Those who have credit card debt pay an average interest rate of 18%. However, Oregon residents and others who have poor credit could pay as much as 25% interest on a revolving balance. One way to avoid paying interest altogether is to pay down a balance by the completion of the billing cycle. However, this is not always possible because of student loan or other debts a person may have.

In the first quarter of 2019, 8% of credit accounts for individuals between the ages of 18 and 29 were 90 days past due or more. This has been seen as a cause for alarm because people in this age range have largely been perceived as not interested in credit cards or other forms of debt. According to the New York Federal Reserve, 52% of those who are in their 20s have a credit card.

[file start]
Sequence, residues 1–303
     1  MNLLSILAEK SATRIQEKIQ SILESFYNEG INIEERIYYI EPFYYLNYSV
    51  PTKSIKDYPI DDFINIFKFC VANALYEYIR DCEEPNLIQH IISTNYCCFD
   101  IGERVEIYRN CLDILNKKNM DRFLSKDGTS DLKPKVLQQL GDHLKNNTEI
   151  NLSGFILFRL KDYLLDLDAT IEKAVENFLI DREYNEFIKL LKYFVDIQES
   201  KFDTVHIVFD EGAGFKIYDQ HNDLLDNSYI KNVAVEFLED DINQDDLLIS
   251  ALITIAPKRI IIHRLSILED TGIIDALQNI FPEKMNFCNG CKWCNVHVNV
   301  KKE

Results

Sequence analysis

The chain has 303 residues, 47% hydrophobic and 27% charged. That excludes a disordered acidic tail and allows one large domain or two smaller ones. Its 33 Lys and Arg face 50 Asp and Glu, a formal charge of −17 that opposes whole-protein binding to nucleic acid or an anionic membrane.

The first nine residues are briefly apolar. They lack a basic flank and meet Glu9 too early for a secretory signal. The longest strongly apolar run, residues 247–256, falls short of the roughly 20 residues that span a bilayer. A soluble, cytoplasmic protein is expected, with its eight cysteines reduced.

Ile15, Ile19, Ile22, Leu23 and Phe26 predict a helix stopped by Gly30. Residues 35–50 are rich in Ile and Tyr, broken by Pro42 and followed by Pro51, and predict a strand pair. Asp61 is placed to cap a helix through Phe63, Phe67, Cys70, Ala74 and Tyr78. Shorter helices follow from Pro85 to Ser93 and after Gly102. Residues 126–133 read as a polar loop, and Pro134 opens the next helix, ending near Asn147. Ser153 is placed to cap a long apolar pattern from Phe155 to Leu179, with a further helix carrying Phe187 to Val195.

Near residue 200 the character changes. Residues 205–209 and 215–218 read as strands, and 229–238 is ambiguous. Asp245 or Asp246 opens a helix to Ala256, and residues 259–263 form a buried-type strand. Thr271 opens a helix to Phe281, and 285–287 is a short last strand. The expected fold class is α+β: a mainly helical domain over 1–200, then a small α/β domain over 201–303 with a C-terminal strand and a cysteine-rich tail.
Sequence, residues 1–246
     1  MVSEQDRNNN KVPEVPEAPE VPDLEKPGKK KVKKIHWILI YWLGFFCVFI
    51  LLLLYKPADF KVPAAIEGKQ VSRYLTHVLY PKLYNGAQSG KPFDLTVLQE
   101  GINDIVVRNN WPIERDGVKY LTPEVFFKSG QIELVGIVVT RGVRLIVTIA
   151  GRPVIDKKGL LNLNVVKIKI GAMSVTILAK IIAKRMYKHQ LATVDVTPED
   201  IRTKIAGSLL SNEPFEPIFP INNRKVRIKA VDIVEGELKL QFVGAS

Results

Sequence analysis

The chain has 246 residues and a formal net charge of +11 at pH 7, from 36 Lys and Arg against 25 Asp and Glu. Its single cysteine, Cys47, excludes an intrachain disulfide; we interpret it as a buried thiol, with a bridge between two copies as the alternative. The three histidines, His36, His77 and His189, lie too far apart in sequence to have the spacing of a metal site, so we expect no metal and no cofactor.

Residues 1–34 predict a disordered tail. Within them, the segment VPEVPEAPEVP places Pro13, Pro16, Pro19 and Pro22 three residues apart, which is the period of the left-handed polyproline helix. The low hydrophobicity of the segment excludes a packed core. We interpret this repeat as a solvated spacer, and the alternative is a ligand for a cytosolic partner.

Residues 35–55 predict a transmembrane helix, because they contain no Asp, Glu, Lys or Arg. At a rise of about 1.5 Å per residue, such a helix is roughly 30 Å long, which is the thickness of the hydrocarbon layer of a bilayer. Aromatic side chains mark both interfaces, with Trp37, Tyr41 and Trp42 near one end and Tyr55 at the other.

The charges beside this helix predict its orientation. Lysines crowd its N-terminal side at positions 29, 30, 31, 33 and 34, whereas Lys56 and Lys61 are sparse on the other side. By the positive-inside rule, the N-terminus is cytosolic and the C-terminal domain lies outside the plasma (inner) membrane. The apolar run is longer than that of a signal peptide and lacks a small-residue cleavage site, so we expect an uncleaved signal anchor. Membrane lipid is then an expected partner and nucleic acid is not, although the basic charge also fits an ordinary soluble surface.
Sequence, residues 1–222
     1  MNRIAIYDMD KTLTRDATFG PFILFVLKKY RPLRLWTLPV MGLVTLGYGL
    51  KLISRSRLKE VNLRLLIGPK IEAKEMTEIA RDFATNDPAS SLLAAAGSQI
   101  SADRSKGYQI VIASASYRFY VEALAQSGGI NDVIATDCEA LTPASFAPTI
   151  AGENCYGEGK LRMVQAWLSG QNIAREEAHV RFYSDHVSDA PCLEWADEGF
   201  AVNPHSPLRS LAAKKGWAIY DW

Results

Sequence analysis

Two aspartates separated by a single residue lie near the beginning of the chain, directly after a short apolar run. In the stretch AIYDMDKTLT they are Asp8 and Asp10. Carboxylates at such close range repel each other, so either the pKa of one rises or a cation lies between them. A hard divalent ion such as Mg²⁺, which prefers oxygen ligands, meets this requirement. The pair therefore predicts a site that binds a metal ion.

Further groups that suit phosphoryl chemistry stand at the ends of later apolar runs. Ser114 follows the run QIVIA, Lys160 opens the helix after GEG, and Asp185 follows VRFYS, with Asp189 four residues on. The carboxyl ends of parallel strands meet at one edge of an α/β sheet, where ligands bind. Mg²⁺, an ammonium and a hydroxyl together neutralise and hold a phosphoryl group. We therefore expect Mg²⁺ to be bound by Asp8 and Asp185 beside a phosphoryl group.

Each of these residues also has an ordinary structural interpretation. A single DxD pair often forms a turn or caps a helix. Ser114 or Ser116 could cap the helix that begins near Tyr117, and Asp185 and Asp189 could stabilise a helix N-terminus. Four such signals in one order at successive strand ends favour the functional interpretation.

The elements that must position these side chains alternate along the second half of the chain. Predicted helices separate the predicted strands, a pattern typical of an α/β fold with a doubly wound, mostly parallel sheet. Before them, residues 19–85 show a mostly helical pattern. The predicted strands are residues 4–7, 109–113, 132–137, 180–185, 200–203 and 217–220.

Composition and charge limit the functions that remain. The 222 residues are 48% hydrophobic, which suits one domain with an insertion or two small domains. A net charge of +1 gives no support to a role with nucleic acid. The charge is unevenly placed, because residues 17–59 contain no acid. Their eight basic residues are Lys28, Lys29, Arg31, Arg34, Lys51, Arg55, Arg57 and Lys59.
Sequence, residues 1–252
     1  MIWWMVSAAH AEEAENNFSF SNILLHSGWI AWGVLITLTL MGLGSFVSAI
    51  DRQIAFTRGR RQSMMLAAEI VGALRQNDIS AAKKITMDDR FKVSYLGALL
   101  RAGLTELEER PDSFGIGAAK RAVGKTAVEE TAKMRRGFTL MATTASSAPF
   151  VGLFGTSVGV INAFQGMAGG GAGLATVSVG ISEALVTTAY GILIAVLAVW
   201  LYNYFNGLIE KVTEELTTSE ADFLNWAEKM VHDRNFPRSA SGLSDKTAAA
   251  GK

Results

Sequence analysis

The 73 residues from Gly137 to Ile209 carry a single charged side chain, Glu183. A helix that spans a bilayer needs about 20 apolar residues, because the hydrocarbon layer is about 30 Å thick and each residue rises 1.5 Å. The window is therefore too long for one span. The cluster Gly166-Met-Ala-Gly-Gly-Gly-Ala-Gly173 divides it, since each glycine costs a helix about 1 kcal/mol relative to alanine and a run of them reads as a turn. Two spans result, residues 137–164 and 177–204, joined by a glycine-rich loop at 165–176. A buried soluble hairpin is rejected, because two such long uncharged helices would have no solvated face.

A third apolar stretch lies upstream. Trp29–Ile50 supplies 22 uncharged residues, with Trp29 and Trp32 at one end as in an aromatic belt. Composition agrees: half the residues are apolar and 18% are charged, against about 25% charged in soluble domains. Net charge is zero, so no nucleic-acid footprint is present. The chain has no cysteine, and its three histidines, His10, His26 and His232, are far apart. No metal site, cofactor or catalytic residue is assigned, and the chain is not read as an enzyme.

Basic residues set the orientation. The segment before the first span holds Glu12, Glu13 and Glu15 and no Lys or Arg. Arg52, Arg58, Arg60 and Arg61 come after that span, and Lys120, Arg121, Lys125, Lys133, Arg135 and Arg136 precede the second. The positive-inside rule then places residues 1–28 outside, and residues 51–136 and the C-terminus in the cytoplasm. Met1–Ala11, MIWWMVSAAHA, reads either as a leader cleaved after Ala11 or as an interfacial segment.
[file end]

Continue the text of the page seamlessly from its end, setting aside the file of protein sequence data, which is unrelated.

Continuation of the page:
In 2012, only 41% of individuals in that age range had a credit card. While the rise in credit card delinquencies may be concerning for younger Americans, it doesn’t indicate that Americans overall are overextended. According to the Fed, the debt-to-income ratio in the United States is at its lowest in almost 40 years. For those who are struggling to make credit card payments, it may be worthwhile to look into a balance transfer to an interest-free card.

It is generally possible for credit card debt to be discharged in bankruptcy. This may make it easier to pay student loan or other debts that may not be discharged through this process. Depending on a debtor’s individual circumstances, he or she may not lose assets, such as a house or car. Furthermore, cash in a retirement account or certain other assets may be exempt from liquidation in a bankruptcy case.